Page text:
Signals AZ

Tempe Promotes Healthy Giving to Unsheltered People

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Tempe is encouraging generous residents to be healthy givers through its new campaign “Real change, not spare change” to support the most effective, lasting help for people who are unsheltered and in need of resources.

One-off giving at busy intersections or other public spaces can delay or divert a person from seeking help. Healthy giving supports a person’s long-term needs and promotes working hand-in-hand with experienced nonprofits and faith groups who are helping people end their homelessness.

Tempe Promotes Healthy Giving to Unsheltered People signals az

“Tempe is an incredibly caring community and we want our residents to continue giving from the heart,” said Mayor Corey Woods. “There are so many nonprofits and faith groups providing critical services to individuals and families in Tempe. When we work together, we can support a person’s long-term needs, like housing and substance abuse treatment, and help them have a better future.”

As healthy givers, residents are encouraged to:

  • Find an area you feel strongly about – shelter, job assistance, food help, mental health care – and join forces with established organizations.
  • Extend volunteering beyond the holiday season. Volunteers are needed year-round to serve meals, organize events, sort donations, be a mentor and more.
  • Volunteer with the city’s HOPE homeless outreach team. Help with our annual homeless street count and assist with outreach. No experience needed; the city provides shadowing and training. Find details at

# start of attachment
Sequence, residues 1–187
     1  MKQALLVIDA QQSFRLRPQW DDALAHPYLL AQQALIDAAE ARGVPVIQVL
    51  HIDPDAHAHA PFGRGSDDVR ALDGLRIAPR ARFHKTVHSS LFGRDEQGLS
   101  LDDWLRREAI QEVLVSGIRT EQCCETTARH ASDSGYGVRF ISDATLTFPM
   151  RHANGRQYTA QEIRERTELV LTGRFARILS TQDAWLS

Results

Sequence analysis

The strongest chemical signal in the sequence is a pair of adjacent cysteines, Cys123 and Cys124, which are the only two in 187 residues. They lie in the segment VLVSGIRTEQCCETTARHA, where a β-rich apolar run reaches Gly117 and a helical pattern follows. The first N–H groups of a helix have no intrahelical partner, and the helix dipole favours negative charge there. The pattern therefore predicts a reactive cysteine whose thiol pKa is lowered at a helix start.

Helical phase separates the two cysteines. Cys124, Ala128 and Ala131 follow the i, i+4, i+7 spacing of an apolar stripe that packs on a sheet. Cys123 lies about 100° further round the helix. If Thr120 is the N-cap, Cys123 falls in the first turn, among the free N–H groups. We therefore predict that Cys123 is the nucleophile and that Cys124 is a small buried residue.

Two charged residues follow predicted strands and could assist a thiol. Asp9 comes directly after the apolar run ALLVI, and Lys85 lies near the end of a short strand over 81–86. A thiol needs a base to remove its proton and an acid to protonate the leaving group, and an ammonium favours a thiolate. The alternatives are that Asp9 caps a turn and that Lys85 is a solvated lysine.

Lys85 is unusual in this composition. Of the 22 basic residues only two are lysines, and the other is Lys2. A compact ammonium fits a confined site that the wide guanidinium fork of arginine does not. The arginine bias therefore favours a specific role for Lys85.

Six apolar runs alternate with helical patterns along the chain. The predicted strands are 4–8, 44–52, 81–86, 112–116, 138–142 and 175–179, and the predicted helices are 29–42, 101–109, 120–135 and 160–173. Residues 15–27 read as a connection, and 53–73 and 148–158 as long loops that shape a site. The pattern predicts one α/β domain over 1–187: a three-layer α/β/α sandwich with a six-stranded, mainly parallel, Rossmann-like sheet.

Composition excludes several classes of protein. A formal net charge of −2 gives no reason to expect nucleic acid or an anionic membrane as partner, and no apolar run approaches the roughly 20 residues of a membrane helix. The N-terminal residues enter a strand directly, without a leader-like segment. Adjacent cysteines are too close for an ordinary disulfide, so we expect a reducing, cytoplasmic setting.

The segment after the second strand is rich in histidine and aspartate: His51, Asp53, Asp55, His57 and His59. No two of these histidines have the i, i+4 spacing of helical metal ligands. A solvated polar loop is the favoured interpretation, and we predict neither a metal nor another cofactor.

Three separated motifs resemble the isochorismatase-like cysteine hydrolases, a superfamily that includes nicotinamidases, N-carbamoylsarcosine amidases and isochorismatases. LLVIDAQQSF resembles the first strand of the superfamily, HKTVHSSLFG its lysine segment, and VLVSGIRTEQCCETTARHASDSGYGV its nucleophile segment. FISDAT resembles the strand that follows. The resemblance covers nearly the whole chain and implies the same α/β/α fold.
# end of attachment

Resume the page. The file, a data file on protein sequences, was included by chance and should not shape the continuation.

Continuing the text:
• Donate to organizations that are working on long-term solutions.

Nonprofit organizations like Tempe Community Action Agency (TCAA), for example, provide a broad range of services to those experiencing homelessness.

“Homelessness is caused by a myriad of issues and ending this problem in our community requires comprehensive solutions,” said Deborah Arteaga, TCAA’s chief executive officer. “Engaged service providers like Tempe Community Action Agency can provide access to shelter, employment, healthcare and housing. By supporting experienced, local social service agencies, generous Tempe residents can get a much greater return on their investment.”

It is understandably hard to turn down someone who appears to be in need; residents and visitors all feel good helping someone. But if people get their needs met on the streets, they feel less need to accept shelter and resources.

Money given at intersections or other public places might also be used to purchase drugs such as fentanyl and prolong a person’s struggles with substance abuse. This could potentially lead to harm for children or family around them.

Importantly, Tempe is concerned about the safety of people asking for and providing money at busy intersections and freeway entrances and exits. Stepping out among vehicles to collect money is dangerous, as is hindering the flow of traffic when lights turn green. Drivers and pedestrians can say hello and greet the individual instead of giving money.

Learn more about healthy giving at Find a list of organizations serving Tempe that regularly need volunteers and support at

Media contact: Susie Steckner, or 480-734-5186.

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